difficult or impossible. Therefore, if animals are going to be asleep for more than just a few minutes, it is necessary to place an ointment (e.g., any sterile opthalmic ointment or petroleum jelly) on the eyes to prevent drying of the cornea. Also, it is important not to expose the eyes of anesthetized animals that have had their pupils dilated to light for any longer than necessary, as strong light can damage the photore-ceptor cells.
The severity and clinical course of EAU in mice vary depending on the strain and the immunization regimen. In the B10.A strain, it is possible to control the course of disease by adjusting the respective doses of antigen and PTX, so that the whole spectrum of disease, from chronic to hyperacute, can be obtained (Caspi et al., 1990). High-intensity immunization results in an acute form of disease with an early onset (day 12 to 14) and in diffuse photoreceptor damage, whereas lower antigen and PTX doses will result in milder disease with progressively later onset. In the milder form of the disease, pathology is typically focal and a large portion of the photoreceptor cell layer may be spared. This type of disease tends to take on a chronic form, or may remit and be followed by a relapse after a brief disease-free period. The number of relapses that can occur has not been determined.
Enucleation should be performed carefully, without squeezing the eyeball, to avoid maceration of delicate ocular tissues that become even more fragile when inflamed. Eyes should be collected within 15 min of euthanasia, because autolysis sets in very rapidly and will preclude correct evaluation of the results. It is important to prefix the eyes in 4% buffered glutaraldehyde for 1 hr, after which the eyes should be transferred to 10% buffered formalin at least overnight. This brief fixation in 4% glutaraldehyde prevents artifactual detachment of the retina from the choroid. However, leaving the eyes in glutaraldehyde for too long will cause excessive hardening of the lens, which will make sectioning difficult. Eyes should not be harvested too early after disease onset, as retinal damage takes time to develop: a good time to collect them is 1 week after clinical onset. Whenever possible, both eyes should be evaluated clinically as well as histopathologi-cally, as disease is not always equally severe in both eyes and may even be unilateral. If the experimental setup permits taking only one eye for histopathology, always collect the right (or always the left) eyes to average out this random variation across the group.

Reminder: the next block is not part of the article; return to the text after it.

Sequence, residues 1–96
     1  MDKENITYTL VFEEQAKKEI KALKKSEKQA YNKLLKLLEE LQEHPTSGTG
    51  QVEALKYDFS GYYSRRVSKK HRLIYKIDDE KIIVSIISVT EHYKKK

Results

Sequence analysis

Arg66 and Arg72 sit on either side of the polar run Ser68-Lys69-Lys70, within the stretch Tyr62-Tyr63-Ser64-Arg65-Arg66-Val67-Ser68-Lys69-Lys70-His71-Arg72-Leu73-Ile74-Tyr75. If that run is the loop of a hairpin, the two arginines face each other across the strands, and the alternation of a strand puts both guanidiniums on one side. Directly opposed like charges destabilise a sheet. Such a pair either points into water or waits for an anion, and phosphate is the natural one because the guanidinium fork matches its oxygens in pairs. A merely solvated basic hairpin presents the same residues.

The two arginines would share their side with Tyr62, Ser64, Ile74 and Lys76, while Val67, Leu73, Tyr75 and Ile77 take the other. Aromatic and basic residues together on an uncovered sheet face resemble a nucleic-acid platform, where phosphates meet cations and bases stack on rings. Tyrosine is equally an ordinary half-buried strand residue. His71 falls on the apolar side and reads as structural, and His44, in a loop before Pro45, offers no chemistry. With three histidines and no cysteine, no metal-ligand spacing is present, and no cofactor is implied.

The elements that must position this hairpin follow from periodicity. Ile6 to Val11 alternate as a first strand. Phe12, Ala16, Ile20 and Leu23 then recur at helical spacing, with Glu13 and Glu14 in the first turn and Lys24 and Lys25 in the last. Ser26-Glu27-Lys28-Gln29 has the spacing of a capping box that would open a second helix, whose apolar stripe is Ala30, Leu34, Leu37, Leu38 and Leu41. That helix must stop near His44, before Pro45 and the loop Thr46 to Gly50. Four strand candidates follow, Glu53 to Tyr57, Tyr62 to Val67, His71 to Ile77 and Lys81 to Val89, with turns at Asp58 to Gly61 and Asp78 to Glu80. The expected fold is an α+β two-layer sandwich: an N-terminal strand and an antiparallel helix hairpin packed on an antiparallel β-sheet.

Lewis rats sometimes develop very severe anterior chamber inflammation, which can lead to corneal perforation. This is more likely to occur with retinal soluble antigen (S-Ag), or its peptides, and pertussis than with IRBP peptide R16. Complications can also result from use of complete Freund's adjuvant (CFA). Typical problems are development of arthritis and/or severe granulomatous inflammation of the injection site that can sometimes lead to tissue necrosis. In such cases the animal(s) should be euthanized promptly. Hunters adjuvant, which causes fewer undesirable side effects, can in some cases be successfully substituted for CFA (Roberge et al., 1992).